Gevorg Kostanian, Armenia’s former prosecutor-general indicted recently in connection with the 2008 post-election violence in Yerevan, has set conditions for his return to Armenia which have been rejected by investigators.
Kostanian, who now lives in Moscow, was charged in late November with five counts of abuse of power, forgery and cover-up of “grave crimes.” The Special Investigative Service (SIS) issued an arrest warrant for him after he ignored its demand to return to Armenia and answer questions from investigators.
Kostanian, who strongly denies the accusations, said at the time that he will turn himself in after the end of the winter exam session at Russia’s state prosecutor academy where he works as a lecturer.
But in a statement circulated on Monday, Kostanian made his return conditional on the holding of a televised “public discussion” that would involve him, Prime Minister Nikol Pashinian, top law-enforcement officials, legal experts and even Yerevan-based Western diplomats. At that meeting, he said, investigators would have to present “at least one piece of more or less compelling evidence” in support of their accusations. The SIS has failed to substantiate them until now, he claimed.
The SIS was quick to reject these conditions as an “excuse” for remaining on the run. It argued that Kostanian’s “unrealistic proposal” contradicts Armenian laws regulating criminal investigations and trials.
The SIS signaled its intention to prosecute Kostanian in September when it charged a former chief of the Armenian police with helping the former authorities cover up a crackdown on opposition supporters who demonstrated in Yerevan in the wake of a disputed presidential election held in February 2008. Eight protesters and two police servicemen were killed in street clashes in downtown Yerevan which broke out on March 1, 2008.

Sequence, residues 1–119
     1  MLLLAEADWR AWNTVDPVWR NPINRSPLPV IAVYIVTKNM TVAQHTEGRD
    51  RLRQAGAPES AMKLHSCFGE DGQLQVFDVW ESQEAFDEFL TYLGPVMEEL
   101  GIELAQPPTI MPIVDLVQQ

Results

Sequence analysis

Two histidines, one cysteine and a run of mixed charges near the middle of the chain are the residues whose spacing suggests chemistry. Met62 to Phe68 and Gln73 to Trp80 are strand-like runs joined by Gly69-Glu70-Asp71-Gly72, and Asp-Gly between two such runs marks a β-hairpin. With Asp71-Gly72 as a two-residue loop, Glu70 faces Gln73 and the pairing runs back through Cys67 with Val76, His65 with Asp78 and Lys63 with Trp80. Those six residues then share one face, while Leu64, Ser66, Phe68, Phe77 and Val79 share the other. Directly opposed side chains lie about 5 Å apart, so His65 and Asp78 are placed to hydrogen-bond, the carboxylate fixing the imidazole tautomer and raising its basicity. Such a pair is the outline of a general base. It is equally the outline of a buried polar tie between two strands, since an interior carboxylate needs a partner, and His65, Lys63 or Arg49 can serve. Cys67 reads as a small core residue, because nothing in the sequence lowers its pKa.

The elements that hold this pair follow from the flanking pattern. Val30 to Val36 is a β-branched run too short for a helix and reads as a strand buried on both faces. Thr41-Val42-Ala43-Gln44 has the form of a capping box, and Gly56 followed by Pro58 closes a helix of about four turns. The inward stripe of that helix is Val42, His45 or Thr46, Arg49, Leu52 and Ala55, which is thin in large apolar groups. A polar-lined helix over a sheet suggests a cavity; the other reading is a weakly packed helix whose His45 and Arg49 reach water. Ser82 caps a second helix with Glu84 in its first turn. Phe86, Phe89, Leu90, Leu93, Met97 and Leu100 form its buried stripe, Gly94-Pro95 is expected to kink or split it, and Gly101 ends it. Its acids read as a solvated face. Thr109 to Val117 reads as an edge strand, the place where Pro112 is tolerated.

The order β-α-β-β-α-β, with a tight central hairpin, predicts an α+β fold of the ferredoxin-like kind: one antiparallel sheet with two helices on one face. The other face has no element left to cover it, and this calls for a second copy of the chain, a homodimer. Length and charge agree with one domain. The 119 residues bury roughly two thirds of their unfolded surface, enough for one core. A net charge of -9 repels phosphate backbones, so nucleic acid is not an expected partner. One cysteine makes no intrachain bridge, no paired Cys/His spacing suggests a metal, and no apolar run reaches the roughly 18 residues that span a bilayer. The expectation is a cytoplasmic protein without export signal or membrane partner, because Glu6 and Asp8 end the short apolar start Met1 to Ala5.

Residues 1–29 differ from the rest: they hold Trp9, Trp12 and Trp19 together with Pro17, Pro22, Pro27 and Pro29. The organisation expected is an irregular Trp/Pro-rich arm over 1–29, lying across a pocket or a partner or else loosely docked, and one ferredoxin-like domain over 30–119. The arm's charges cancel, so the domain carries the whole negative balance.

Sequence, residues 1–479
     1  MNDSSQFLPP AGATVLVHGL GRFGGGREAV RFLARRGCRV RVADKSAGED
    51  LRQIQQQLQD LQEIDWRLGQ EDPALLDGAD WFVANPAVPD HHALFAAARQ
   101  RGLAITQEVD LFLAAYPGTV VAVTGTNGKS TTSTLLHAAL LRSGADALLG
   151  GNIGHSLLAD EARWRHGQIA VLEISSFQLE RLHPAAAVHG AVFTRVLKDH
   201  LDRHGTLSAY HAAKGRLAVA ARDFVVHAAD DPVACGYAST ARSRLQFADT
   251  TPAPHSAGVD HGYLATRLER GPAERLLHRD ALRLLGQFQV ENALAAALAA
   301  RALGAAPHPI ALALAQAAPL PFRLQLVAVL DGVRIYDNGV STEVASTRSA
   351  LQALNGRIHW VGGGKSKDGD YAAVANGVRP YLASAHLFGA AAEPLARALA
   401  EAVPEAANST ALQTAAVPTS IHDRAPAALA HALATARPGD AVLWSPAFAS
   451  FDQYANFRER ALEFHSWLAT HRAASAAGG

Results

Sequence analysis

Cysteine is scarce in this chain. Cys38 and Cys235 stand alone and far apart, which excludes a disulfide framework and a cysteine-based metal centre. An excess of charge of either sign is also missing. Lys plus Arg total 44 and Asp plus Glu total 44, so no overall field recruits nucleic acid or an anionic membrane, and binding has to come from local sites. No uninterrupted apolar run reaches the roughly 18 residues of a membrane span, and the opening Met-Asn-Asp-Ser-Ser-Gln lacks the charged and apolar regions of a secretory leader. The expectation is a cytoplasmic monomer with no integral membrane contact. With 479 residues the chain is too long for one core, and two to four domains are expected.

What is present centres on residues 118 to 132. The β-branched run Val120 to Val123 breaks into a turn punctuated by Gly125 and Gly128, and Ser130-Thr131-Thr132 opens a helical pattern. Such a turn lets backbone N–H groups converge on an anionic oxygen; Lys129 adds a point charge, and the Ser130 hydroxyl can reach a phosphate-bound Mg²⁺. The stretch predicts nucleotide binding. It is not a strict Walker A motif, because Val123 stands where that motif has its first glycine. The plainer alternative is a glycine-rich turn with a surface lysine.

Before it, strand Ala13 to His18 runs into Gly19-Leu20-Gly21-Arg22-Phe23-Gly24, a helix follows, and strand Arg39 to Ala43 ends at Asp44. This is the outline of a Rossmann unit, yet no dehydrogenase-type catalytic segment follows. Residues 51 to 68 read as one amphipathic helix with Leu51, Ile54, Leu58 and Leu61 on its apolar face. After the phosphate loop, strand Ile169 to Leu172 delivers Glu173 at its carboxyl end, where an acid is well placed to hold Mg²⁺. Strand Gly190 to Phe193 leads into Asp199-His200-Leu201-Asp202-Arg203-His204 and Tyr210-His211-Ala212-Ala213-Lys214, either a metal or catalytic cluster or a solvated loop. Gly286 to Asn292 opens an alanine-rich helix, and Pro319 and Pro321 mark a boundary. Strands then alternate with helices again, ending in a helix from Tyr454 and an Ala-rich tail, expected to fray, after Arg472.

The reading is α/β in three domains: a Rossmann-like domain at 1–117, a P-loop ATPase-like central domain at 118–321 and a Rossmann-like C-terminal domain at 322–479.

The SIS claimed that later in 2008 Kostanian and another aide to the newly elected Armenian President Serzh Sarkisian ordered senior police officers to destroy evidence of the “overthrow of the constitutional order” by Sarkisian’s predecessor Robert Kocharian.
Kocharian is currently under arrest, standing trial, along with three other former officials, on coup charges. The former president rejects them as politically motivated.
Kostanian, who served as the country’s chief prosecutor from 2013-2016, on Monday described the ongoing SIS probe as deeply flawed. He claimed that the coup charges are aimed at deflecting the public’s attention from the current authorities’ inability to identify those personally responsible for the March 2008 deaths.
Kostanian noted that law-enforcement authorities radically changed the official version of those events after the 2018 change of government in Armenia. “Tomorrow, I’m sure, it will emerge that in 2008 the constitutional order was overthrown by others,” he predicted tartly.